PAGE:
In July, Google gave us a taste for a more integrated collaboration experience when it brought Meet and Chat into Gmail. This week the metamorphosis continued as G Suite becomes Google Workspace. Back in July, I looked at the news from a communication vs. collaboration perspective, making the point that communication is really at the center of Google’s collaboration strategy. However, this week, as Google talked more about Workspace and how it plans to deliver a more integrated experience across collaboration and communication, it seemed that content is at the center of the Workspace and att the center of collaboration.
With Workspace, Google is addressing some specific issues. First, the fact that due to Covid-19 collaboration has changed. Of course, we have all experienced that in one way or another and when we move past the hours of video analysis one aspect that really has changed is that you are likely to be collaborating more with people outside your organization. This is because those face to face meetings which would have been independent of the work to be done are now happening online. This means that the tools must be more flexible when it comes to sharing information and collaborating than they might have been before.
Second, Google wanted to address first-line workers by making them better connected with their own organization which is likely not in the same place as they are. This goal of connecting people to get the job done extends to reaching consumers, the final user of whatever product businesses are trying to sell. By doing so, of course, Google bridges the consumer and the business world by giving people (2.6 billion MAU) tools they are already very familiar with.
While we will eventually go back to an office, we will face a more heterogeneous work environment we did before the pandemic. This means that connecting people who are not physically together in a rich but simple way will remain a priority for a long time.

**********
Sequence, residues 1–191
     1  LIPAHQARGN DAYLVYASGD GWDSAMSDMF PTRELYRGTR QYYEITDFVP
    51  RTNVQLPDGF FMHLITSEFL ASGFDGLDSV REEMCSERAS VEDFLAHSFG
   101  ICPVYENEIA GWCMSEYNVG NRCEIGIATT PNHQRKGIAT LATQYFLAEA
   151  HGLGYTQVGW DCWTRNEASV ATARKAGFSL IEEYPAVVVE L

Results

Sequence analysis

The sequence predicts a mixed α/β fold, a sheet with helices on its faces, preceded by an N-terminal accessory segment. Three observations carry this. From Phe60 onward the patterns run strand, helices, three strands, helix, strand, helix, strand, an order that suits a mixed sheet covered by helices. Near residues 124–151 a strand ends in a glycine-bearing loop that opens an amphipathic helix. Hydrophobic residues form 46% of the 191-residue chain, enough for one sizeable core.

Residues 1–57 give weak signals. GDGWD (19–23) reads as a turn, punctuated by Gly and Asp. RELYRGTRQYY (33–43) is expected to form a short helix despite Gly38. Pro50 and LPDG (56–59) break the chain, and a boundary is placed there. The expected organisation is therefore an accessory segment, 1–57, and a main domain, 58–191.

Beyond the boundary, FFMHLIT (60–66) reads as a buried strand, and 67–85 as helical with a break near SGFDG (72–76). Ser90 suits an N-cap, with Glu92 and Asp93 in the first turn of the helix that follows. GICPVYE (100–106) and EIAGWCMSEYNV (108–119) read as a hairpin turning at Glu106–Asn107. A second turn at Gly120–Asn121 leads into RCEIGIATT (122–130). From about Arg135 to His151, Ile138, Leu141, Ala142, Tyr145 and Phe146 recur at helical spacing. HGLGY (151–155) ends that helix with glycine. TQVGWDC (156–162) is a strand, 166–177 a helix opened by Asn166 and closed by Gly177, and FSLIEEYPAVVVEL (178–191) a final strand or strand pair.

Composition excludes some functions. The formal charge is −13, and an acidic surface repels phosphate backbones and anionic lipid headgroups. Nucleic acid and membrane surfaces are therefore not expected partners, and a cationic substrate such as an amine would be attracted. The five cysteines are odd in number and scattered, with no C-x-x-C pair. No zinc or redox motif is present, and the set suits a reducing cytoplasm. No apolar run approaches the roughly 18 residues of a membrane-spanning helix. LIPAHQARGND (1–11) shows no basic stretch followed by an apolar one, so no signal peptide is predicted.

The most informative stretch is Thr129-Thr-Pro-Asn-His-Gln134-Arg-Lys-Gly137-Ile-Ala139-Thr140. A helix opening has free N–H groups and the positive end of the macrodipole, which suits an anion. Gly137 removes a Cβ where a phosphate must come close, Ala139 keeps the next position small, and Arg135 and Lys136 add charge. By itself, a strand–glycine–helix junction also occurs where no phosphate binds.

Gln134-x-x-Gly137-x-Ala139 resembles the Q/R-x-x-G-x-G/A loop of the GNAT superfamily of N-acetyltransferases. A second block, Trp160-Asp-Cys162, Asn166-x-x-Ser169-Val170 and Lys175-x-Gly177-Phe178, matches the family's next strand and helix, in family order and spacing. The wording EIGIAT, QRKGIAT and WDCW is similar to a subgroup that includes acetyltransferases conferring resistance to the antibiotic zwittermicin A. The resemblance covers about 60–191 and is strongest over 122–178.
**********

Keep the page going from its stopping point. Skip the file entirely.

Workspace also builds on Google’s focus on delivering helpful technology. This has become the big theme that brings together the different areas of the company from the CEO Sunday Pichai to the Head of Made by Google Rich Osterloh. Helpfulness in this case comes from a simplified user experience by also from the intelligence that Google is able to offer on top. One of the features that better explain this balance between simplicity and richness is “picture in picture” which gives you the ability to hear and see people you are collaborating live with on a document. This featured was launched in July for Gmail and Chat and it will soon also include Docs, Sheets, and Slides.
Not Just a Rebranding
I am sure, given there isn’t an actual new product, one could be tempted to see this as a rebranding exercise. But the new features that have been introduced and the way all the tools come together really speak to the direction Google is taking with productivity and the G Suite name no longer fitted with that vision. Workspace is no longer a bunch of apps that take care of the different tasks you need to perform, it’s an orchestrated experience empowered by AI. I wish there was a different name than Workspace, to be given to this hub especially considering consumers will have access to it as well. The name is often seen as a location, a landing place, which, although technically correct, fails to convey the active lift these tools deliver. Yet, it is certainly a better illustration of the experience Google wants to deliver compared to G Suite.